Preprints
https://doi.org/10.5194/nhess-2016-206
https://doi.org/10.5194/nhess-2016-206

  20 Jun 2016

20 Jun 2016

Review status: this preprint was under review for the journal NHESS but the revision was not accepted.

Hydrodynamic characterization of past flash-flood events and their associated hazards from dendrogeomorphological evidence in Caldera de Taburiente National Park (Canary Islands, Spain)

Julio Garrote1, Andrés Diez-Herrero2, José M. Bodoque3, María A. Perucha2, Pablo Mayer4, and Mar Genova5 Julio Garrote et al.
  • 1Department of Geodynamics, Complutense University of Madrid, Madrid, E-28040, Spain
  • 2Geological Survey of Spain (IGME), Ríos Rosas 23, Madrid, E-28003, Spain
  • 3Mining and Geological Engineering Department, University of Castilla-La Mancha, Toledo, E-45071, Spain
  • 4Department of Geography, University of Las Palmas de Gran Canaria, Las Palmas de Gran Canaria, E-35003, Spain
  • 5Forest Engineering Technic School, Technic University of Madrid, Madrid, E-28040, Spain

Abstract. Las Angustias river is an ungauged stream located in the Caldera de Taburiente National Park (La Palma, Canary Islands, Spain), where frequent intense flash-flood events occur, sometimes with fatal consequences (4 deaths, November 2001) and considerable financial implications (over 700 000 euros in recent years). The aim of this research is to analyse the flood hazard at the Playa de Taburiente, one of the most popular sites in this protected area, with more than 60 000 visitors per year. The use of classic data sources and hydrological or hydraulic modelling methods for flood hazard analysis has important limitations in this area because of incomplete precipitation and flow data information and low representative values of the statistical time series, which may lead to under- or over-estimated results. Alternative or complementary data sources and methods including palaeohydrological techniques can therefore be used here for flood hazard analysis. A detailed dendrogeomorphological study of the river system was carried out using Canarian pine trees located on the stream bed and river bank with external evidence of flash-flood damage, including scars and exposed roots. The preliminary results identify and date at least eight winter flood events between 1962–1963 and 2011–12. In spite of the uncertainties deriving from the incomplete precipitation data and the mobile alluvial riverbed, the models provide an estimate of past flood discharge magnitudes. E.g. for the 1997 flood event a 1235 m3 s-1 flood minimizes the RMSE over the disturbed tree sample; furthermore, this flow value clearly exceeds the return period considered and means a distinct behavioral change in this gorge, from a braided channel with emerged bars to a single channel occupying the whole river bed. These numerical results and maps could improve flood hazard and risk analysis and should be useful for the national park land use management and visitors planning.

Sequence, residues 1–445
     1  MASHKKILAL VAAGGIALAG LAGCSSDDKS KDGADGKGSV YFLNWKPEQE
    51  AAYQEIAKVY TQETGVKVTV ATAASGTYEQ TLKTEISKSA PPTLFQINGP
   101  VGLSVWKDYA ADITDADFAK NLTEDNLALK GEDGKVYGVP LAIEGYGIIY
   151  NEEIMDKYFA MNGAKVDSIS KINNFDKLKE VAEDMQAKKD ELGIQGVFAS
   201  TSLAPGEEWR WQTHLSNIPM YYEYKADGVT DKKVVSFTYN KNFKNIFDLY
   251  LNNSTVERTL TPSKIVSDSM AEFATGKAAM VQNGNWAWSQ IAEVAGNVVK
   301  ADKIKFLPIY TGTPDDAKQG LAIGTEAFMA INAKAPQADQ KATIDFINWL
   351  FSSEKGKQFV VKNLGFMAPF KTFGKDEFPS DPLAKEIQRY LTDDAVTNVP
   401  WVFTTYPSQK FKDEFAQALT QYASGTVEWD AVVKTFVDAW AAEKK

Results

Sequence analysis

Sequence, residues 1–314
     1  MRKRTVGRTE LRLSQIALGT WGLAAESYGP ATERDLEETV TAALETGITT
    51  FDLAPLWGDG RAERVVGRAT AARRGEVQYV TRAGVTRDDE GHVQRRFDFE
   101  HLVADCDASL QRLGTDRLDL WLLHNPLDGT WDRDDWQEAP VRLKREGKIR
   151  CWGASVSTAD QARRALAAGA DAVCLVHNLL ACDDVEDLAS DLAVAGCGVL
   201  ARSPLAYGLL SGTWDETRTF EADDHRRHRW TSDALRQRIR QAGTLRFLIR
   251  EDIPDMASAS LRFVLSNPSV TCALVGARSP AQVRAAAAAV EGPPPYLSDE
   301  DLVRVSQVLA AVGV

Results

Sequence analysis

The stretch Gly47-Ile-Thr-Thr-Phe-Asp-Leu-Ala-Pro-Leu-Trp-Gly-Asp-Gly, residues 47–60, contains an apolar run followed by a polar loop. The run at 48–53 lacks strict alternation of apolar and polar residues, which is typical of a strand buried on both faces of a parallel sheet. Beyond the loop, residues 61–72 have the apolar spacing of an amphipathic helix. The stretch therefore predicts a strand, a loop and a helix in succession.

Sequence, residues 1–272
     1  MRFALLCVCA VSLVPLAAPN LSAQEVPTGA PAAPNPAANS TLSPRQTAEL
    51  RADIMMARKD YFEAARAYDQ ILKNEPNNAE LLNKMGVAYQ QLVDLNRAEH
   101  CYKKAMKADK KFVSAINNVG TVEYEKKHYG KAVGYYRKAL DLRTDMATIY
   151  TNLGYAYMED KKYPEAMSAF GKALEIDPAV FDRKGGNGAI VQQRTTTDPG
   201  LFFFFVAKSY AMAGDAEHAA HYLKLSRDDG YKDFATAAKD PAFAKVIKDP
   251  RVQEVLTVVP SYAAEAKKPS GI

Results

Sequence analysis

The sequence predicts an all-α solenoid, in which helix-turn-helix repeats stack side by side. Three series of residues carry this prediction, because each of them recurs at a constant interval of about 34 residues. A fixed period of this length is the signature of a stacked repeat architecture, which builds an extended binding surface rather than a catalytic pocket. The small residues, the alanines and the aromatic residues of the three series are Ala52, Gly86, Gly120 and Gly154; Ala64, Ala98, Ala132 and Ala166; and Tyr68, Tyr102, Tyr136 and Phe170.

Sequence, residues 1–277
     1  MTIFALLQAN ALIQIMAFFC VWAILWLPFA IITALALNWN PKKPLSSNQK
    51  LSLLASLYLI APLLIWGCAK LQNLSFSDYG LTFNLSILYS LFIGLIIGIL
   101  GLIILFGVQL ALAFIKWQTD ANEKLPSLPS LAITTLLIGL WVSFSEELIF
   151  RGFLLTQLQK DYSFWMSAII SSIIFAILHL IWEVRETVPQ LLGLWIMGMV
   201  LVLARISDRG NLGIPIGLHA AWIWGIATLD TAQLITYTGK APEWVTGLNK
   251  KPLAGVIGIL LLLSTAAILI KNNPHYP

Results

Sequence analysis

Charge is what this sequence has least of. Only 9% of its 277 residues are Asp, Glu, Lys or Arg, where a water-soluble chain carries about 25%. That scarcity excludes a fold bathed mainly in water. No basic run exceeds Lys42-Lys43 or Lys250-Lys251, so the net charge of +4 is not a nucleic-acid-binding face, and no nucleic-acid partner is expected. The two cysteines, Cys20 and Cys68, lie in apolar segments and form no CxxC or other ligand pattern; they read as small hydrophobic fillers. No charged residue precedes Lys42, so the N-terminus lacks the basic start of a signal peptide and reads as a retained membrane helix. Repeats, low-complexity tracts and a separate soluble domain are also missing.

Julio Garrote et al.

 
Status: closed
Status: closed
AC: Author comment | RC: Referee comment | SC: Short comment | EC: Editor comment
Printer-friendly Version - Printer-friendly version Supplement - Supplement
 
Status: closed
Status: closed
AC: Author comment | RC: Referee comment | SC: Short comment | EC: Editor comment
Printer-friendly Version - Printer-friendly version Supplement - Supplement

Julio Garrote et al.

Julio Garrote et al.

Viewed

Total article views: 869 (including HTML, PDF, and XML)
HTML PDF XML Total BibTeX EndNote
510 324 35 869 36 42
  • HTML: 510
  • PDF: 324
  • XML: 35
  • Total: 869
  • BibTeX: 36
  • EndNote: 42
Views and downloads (calculated since 20 Jun 2016)
Cumulative views and downloads (calculated since 20 Jun 2016)
Latest update: 24 Oct 2021
Download
Short summary
The paper shows a study assessing different flooding scenarios based on the height of scars in trees as indicators for peak discharge estimation in an ungauged fluvial basin with sand and gravel riverbed. The use of scars on trees together with the combined use of 2D hydraulic model and LIDAR topographic data, has allowed a better peak discharge estimation of January, 11–13, 1997 flash flood and its related hazards, than estimation from rainfall data. This could improve flooding risk mapping.
Altmetrics